Doing laundry became challenging, because it turned out that my AirBnb didn’t come with a washer. There are no laundromats and as far as I can tell, the locals do things by hand. I went to a dry cleaner that was closed half the time and they charged 50 dollars for a few kilos of laundry. It was the cleanest my socks have ever been and they wrapped each pair individually in plastic. After that, I got comfortable with washing everything in the sink and drying clothes in front of the heater.
Living in Morocco was the first time since college that I remained sober for over a month. They sell alcohol at special liquor stores, mostly to tourists. But, they only carry mass-produced brands like Johnny Walker that I don’t prefer, especially after having Rakia and visiting independent wineries in Bulgaria.
So, I decided to just not drink.
It also helped that they had the most amazing tea I’ve ever tried containing 40 types of herbs. I started drinking it on the weekends and I slowly noticed how much energy I gained. My body healed quickly and my anxiety dropped. I realized that while alcohol helped me loosen up, it extracted a heavy toll.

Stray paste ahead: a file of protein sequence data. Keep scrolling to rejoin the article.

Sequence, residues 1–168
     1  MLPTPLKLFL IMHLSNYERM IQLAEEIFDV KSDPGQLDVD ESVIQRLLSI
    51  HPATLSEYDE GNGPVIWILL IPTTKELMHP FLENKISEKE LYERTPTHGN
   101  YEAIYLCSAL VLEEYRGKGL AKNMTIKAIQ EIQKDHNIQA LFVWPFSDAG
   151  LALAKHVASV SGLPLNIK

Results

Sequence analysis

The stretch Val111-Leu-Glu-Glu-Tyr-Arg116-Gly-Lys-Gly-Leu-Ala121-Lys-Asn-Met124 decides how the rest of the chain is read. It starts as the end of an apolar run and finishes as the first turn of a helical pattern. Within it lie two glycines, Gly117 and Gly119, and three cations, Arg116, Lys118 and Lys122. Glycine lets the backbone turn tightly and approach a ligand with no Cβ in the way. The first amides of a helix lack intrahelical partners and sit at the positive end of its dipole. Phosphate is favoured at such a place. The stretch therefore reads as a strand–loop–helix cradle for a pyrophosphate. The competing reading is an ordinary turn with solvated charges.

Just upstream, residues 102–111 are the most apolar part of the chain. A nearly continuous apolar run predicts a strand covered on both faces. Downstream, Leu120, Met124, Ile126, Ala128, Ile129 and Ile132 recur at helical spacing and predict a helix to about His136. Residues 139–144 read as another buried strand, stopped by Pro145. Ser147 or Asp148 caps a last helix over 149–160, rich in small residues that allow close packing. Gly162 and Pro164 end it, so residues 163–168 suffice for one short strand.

The government is big on expanding tourism and makes an effort to protect visitors. It’s safe to rent a car and drive around, because police won’t harass you. There are checkpoints when you enter every city in place for security.
Driving can be a bit of a hazard. At one point, my guide was having an animated conversation on his cell phone as our SUV teetered near the edge of the road sans guard rail on top of the Atlas Mountains. You also have to be on the lookout for people and livestock as you drive.
However, wandering around outside the tourist areas can lead to trouble. It’s such an exotic place to me, even though I had been to the middle east several times, that I automatically went exploring.
There was a massive shanty town on a hill in front of a sprawling military prison just across the street from my neighborhood with massive storks and goats feeding. As I drew closer, I noticed a man coming down the hills directly towards me and another coming from the side of the village. One was gesturing to me, and I felt that it would be unwise to wait around for what comes next, so I exited swiftly.